You’d be forgiven for thinking that the very existence of national environmental laws creates an obligation on Environment Ministers to protect the environment. Unfortunately, it’s not that simple. Instead, their obligations are limited by the objects and duties that are specified in the law. And in the case of our...
This Friday 19th June marks the inaugural World Albatross Day, and the 20th Anniversary of the signing and coming into force of the Agreement on the Conservation of Albatrosses and Petrels (ACAP), the agreement responsible for coordinating the activities of 13 nations in their efforts to better conserve and protect albatrosses and petrels.
The first World Albatross Day comes as the world deals with the COVID-19 pandemic, which will also impact on the conservation of albatrosses.
“In 2019 ACAP declared albatrosses were facing a conservation crisis and urgent action needed to be taken to protect populations. COVID-19 risks the situation worsening for the albatross with critical meetings delayed or cancelled, and essential observers prevented from getting on board fishing vessels due to infection risk,” said HSI’s Senior Campaign Manager Alexia Wellbelove.
Albatross are magnificent birds who spend much of their life at sea. This puts them at significant risk, with an estimated 36,000 albatrosses and petrels drowning in the Southern Ocean on fishing lines each and every year.
“HSI hopes that World Albatross Day can raise the plight of the albatross and ensure all nations commit to greater conservation efforts to conserve these majestic birds. All nations must do more to ensure they are putting in place best practice measures to reduce albatross deaths and avoid the loss of these iconic species,” said Ms Wellbelove.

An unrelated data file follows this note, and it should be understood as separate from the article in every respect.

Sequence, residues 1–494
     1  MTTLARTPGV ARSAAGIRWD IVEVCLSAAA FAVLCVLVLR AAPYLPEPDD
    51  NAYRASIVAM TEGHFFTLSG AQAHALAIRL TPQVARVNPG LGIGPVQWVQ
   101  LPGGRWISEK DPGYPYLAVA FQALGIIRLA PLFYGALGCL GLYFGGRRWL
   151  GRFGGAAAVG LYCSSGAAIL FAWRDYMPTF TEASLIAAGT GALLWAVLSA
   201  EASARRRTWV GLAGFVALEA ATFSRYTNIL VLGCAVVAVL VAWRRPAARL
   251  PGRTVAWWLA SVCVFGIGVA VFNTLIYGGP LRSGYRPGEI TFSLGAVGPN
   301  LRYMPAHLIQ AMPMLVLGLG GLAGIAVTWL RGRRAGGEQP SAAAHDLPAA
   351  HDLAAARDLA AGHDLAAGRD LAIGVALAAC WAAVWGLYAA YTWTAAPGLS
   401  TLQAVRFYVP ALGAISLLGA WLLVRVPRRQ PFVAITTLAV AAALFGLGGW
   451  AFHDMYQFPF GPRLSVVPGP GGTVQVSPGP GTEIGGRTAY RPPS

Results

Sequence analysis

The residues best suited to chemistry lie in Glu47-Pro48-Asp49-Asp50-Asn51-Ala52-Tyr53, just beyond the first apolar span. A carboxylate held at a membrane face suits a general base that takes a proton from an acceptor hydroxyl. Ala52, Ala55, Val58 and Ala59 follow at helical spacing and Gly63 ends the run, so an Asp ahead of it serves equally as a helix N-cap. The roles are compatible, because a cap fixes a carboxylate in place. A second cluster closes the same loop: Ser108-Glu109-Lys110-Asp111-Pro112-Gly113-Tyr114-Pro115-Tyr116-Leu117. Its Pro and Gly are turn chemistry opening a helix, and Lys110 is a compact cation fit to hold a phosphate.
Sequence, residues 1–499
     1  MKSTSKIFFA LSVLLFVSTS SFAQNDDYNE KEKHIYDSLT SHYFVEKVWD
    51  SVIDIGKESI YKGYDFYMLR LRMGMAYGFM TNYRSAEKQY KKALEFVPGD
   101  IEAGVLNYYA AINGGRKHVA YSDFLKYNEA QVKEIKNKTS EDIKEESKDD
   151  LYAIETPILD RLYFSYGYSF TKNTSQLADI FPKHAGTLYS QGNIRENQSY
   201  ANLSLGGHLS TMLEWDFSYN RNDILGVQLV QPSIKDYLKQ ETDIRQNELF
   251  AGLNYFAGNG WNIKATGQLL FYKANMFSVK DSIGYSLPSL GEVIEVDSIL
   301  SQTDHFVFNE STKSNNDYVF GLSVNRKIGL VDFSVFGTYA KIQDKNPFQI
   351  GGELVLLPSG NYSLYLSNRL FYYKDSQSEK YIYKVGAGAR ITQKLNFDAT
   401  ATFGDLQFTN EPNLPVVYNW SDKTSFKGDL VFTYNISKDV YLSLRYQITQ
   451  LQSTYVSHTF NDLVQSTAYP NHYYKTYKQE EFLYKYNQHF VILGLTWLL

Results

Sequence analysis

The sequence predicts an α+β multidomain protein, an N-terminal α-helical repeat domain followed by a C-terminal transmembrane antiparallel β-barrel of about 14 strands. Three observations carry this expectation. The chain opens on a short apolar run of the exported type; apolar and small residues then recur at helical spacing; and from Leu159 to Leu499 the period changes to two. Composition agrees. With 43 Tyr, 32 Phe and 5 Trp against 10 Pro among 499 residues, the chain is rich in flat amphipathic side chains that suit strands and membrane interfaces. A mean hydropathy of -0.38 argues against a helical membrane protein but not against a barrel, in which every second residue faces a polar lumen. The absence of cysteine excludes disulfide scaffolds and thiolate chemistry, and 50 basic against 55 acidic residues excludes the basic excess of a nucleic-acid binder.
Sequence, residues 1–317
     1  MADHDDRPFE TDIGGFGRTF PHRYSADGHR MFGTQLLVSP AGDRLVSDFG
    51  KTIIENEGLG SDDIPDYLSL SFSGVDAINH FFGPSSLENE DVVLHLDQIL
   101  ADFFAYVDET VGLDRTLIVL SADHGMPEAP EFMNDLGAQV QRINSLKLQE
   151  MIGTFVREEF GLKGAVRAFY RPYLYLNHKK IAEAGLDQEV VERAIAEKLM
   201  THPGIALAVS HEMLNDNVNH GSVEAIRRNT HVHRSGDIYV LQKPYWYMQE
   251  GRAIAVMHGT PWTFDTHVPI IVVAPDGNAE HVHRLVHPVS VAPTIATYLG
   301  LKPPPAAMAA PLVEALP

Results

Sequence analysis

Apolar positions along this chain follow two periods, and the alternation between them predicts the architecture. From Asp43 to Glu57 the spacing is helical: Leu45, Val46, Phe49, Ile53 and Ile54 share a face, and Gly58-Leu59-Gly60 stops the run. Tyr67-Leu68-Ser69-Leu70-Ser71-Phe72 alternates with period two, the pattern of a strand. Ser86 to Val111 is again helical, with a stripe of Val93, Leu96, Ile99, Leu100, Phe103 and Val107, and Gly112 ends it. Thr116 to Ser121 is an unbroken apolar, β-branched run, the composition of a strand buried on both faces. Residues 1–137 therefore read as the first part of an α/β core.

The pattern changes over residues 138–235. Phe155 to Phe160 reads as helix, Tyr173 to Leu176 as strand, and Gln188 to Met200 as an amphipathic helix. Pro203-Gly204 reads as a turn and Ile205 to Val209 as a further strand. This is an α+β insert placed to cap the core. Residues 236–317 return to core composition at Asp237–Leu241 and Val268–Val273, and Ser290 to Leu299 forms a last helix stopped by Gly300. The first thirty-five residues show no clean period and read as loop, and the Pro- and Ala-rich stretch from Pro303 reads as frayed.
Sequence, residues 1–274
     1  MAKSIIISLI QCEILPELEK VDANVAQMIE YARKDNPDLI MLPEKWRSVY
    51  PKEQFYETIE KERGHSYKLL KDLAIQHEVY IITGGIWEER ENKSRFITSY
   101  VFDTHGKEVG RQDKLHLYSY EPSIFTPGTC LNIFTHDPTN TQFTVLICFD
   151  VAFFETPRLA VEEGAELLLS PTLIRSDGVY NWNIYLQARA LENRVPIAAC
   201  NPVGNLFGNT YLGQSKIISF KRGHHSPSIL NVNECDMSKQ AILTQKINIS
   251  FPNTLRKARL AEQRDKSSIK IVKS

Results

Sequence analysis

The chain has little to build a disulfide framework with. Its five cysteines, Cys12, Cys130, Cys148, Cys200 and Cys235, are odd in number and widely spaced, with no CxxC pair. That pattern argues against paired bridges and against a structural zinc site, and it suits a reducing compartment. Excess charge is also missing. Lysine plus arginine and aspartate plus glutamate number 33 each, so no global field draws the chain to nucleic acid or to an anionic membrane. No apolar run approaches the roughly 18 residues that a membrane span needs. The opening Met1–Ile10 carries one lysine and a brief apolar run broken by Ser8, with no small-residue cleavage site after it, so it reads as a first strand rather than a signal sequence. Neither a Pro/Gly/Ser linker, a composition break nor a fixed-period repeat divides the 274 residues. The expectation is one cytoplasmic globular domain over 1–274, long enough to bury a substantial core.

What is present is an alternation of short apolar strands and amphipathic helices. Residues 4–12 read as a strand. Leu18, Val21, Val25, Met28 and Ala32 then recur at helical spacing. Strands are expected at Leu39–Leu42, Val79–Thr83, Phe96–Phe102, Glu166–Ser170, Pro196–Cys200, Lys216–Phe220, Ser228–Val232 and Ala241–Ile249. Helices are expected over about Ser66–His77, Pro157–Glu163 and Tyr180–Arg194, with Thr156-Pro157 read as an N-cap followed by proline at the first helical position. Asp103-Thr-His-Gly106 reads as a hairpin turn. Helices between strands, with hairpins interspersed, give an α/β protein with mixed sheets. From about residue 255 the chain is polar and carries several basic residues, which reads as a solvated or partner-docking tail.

“The inaugural World Albatross Day comes at a time when the world has been turned upside down by a global pandemic. I hope this crisis reminds us how much we must treasure the natural environment of which we are custodians. To paraphrase the words of Sir Geoffrey Palmer (former New Zealand Prime Minister), who in May 1990 was speaking about whales, if we allow albatrosses to become extinct, how can we imagine ourselves capable of solving the many other environmental problems the world faces?” said Dr Christine Bogle, ACAP Executive Secretary.
“Let’s all take time on World Albatross Day 2020 to ask why the majestic albatrosses are among our most threatened species, what we can do personally, and how we can advocate locally and internationally to help ensure the long-term conservation of these species for present and future generations,” said Jonathon Barrington, Australian Antarctic Division, Department of Agriculture, Water and the Environment; Australia’s National Representative to ACAP.
HSI has worked on the conservation of the world’s albatrosses and petrels for more than 20 years, from playing a role in instigating ACAP to nominating a significant number of albatross species for protection under the federal Environment Protection and Biodiversity Conservation Act 1999 (EPBC Act) as well as working to address the threats these ocean wanderers face domestically and internationally.